In a world first, a team of Tel Aviv scientists discovered an animal that does not require oxygen to survive, effectively putting Mrs Nerg back in her box. The paper published in PNAS describes a jellyfish-like parasite that is the first known multicellular organism without a mitochondrial genome, which means it can survive without oxygen.
Science advances are constantly challenging long-held assumptions about our planet and the universe, but who would have guessed that a groundbreaking discovery that completely changes our understanding of the animal kingdom would be discovered inside a salmon?
Henneguya salminicola is a tiny parasite with only ten cells that lives in salmon muscle. Though it appears to be a tadpole, it is actually related to jellyfish and corals, both of which practice aerobic respiration, as a member of the class Myxozoa, a group of obligately parasitic marine animals. This salmon-dwelling parasite, on the other hand, has abandoned this vital energy source, becoming the first multicellular organism known to exist without oxygen.
When the Tel Aviv University team began assembling the Henneguya genome, they were not looking for a huge scientific breakthrough. The discovery was made by chance when it was discovered that it lacked a mitochondrial genome, which codes for the mitochondria where oxygen is captured to produce energy. Without this cell feature, which is essential for all other animal life, the parasite would be unable to process oxygen for respiration.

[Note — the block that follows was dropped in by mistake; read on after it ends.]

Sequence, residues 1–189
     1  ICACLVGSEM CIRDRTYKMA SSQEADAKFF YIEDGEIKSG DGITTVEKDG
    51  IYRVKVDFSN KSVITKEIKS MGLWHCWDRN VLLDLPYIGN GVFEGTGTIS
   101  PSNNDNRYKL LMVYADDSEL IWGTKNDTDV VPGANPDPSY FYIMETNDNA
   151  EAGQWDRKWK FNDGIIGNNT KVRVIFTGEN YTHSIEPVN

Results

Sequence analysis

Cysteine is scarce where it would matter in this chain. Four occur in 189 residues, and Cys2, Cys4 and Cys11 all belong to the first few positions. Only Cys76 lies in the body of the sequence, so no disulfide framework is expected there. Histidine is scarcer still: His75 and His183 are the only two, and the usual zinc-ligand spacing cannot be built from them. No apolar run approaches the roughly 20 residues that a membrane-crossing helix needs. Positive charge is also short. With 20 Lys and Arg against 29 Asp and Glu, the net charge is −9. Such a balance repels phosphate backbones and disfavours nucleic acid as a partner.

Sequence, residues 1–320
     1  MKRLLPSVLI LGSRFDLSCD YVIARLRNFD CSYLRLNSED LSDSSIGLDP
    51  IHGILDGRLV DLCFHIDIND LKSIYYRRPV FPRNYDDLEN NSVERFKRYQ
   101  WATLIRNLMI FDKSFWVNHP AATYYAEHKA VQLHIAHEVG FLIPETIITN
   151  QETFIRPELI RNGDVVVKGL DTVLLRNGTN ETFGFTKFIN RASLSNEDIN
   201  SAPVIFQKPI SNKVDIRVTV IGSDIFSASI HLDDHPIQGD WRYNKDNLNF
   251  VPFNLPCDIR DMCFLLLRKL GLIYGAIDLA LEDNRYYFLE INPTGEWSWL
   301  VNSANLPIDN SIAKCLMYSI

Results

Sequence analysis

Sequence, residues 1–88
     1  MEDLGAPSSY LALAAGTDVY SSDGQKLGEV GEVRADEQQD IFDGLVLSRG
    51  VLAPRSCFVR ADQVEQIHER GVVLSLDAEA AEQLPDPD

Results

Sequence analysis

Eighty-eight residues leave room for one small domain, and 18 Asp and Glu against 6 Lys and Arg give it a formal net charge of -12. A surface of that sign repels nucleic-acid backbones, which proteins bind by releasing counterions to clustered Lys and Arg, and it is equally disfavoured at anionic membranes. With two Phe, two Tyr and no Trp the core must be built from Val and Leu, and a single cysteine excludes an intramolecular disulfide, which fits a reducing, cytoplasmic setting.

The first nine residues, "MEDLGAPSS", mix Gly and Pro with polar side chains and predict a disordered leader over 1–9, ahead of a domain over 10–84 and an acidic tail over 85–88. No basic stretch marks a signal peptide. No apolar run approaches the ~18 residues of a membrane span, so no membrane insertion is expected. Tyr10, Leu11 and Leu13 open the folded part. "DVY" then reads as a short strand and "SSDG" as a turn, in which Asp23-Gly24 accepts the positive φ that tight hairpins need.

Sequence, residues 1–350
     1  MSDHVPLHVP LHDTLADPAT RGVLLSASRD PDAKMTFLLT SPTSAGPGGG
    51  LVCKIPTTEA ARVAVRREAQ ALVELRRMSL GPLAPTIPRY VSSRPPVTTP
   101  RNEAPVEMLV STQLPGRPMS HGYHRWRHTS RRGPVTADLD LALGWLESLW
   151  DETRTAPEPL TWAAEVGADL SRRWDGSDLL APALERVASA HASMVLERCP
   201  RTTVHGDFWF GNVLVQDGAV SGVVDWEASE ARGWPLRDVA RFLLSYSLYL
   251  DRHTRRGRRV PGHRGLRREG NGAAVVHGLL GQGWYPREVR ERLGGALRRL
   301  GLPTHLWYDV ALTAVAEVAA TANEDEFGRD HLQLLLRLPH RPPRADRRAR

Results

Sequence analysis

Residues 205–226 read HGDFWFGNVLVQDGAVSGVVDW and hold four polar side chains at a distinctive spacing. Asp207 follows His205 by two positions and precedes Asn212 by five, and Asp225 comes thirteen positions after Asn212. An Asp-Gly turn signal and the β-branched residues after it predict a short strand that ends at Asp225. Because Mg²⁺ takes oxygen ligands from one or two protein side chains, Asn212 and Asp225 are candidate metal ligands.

Highly developed, multicellular organisms first appeared on Earth at a time when oxygen levels were high, which led to the assumption that all animals must breathe aerobically. While there has been some debate about whether animals living in anaerobic environments fit this mold, this is the first time evidence that animals can exist without oxygen has been discovered.
In a statement, lead researcher Professor Huchon of TAU’s Faculty of Life Sciences and Steinhardt Museum of Natural History said, “It is generally thought that during evolution, organisms become more and more complex, and that simple single-celled or few-celled organisms are the ancestors of complex organisms.” “But here, right in front of us, is an animal undergoing the inverse evolutionary process. Living in an oxygen-free environment has caused it to lose unnecessary genes involved in aerobic respiration, resulting in an even simpler organism.”
The discovery raises serious concerns about not only our assumptions about life on Earth, but also the possibility of life on other planets. Extraterrestrial environments that were previously ruled out due to a lack of oxygen may now be home to multicellular organisms capable of surviving in anaerobic conditions, similar to Henneguya.
The study demonstrates the animal kingdom’s voracious efforts to colonize even the most inhospitable parts of the planet. Even when the interior of a salmon contains unfavorable anaerobic conditions…